We all know the potential results of unsuccessful talent practices in nonprofit organizations: difficulty filling positions, increased staff turnover and burnout, low staff morale, and an overarching downgrade of human capital as top performers leave for organizations with stronger talent practices. There is a plethora of research outlining the financial implications of these challenges. For example, the price of one employee leaving their position is estimated to cost a nonprofit organization at least 150 percent of that employee’s annual salary.
The implications do not stop there. Who achieves an organization’s goals? People. Who implements an organization’s marketing strategy? People. Who raises money to support an organization’s programs and growth? People.
For these reasons alone, every nonprofit should strive to have the same level of rigor around their talent strategy as they do around marketing and fundraising strategies. Especially when the success of achieving a nonprofit organization’s mission is so obviously dependent on the people employed there.
Here are five steps your nonprofit can take now to build a talent strategy that is aligned with your organization’s goals and priorities:
- Understand what your organization is trying to achieve. This means setting concrete and measurable organization-wide goals that a talent strategy can then reflect and support. For example, if your organization is planning on launching a new service or program, the talent team will need to ensure they have talent pools that are ready to fill new openings.
- Assess your current bench. Do the people in your organization have the skills and experience required to achieve these goals? Or are you venturing into a new area that requires bringing new expertise? Maybe your organization is growing in size and complexity, and now requires a more sophisticated management skill set. The talent team needs to be aware of any changes on the horizon in order to plan for a professional development program that will prepare staff for the future and fill current gaps with new talent.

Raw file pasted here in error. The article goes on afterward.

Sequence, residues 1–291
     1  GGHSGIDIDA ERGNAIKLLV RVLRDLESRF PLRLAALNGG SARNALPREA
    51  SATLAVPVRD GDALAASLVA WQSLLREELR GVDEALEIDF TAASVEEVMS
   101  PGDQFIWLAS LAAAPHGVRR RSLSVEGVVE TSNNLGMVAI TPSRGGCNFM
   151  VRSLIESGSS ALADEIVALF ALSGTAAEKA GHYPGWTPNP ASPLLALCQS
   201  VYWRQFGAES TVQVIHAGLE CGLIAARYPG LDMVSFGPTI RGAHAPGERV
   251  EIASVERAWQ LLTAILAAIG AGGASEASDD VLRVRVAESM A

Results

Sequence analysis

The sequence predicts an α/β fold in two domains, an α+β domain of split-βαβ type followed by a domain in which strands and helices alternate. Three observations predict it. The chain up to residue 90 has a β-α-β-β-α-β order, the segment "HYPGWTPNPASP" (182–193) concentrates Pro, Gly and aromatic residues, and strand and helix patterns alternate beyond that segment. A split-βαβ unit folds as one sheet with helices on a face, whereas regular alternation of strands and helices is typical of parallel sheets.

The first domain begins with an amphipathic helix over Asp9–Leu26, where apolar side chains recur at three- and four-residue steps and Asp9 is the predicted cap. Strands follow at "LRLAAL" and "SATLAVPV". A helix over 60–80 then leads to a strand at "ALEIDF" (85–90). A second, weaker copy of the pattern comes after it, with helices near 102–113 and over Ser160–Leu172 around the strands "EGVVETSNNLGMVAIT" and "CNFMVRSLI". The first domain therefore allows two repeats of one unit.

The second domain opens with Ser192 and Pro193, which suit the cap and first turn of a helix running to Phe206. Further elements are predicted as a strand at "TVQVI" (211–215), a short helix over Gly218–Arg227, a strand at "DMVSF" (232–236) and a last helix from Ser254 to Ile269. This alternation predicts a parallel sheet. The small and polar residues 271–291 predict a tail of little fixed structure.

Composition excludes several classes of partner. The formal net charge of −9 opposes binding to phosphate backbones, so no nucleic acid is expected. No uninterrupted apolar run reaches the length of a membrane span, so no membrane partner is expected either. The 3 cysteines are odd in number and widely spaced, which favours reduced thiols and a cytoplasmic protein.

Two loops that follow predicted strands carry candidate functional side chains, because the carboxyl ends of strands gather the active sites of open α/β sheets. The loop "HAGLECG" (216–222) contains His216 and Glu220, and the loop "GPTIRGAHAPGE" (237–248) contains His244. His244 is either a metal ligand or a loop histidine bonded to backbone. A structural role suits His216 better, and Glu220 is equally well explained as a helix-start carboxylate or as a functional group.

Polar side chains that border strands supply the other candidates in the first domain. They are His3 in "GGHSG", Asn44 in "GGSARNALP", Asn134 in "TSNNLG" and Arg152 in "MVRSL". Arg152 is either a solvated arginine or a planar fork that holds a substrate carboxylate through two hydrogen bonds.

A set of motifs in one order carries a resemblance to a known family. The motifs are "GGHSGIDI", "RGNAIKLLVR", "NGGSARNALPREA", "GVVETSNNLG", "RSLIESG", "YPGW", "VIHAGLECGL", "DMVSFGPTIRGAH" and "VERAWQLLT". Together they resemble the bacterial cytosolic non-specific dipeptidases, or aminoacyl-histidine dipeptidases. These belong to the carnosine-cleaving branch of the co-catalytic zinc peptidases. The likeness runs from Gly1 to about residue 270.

- Survey your staff. It is critically important to understand staff engagement. Are people enthusiastic and inspired to give it their all every day or is a lack of engagement and enthusiasm getting in the way of your organization’s success
- Start leveraging data. Data driven decision-making is the anchor for any effective talent strategy. Without it, your organization will be shooting blind at an unknown target. For example, individual staff performance data should inform every single decision your organization makes about talent: who gets promoted, where you invest professional development resources, how you embed strategic succession planning to prepare for future organizational evolution. Market data should inform how much individuals are compensated and how. Engagement data should inform priorities for improvement.
- Put it all together to inform your talent strategy. Once you know what your organization aspires to achieve, what skill gaps exist in your talent pool, how engaged your staff is, and have concrete data to refer to, your strategy will become clear. Top talent priorities and areas of urgency will rise to the surface. Now, your job will be to translate these into concrete goals, initiatives, and actions that the organization can take to advance talent practices.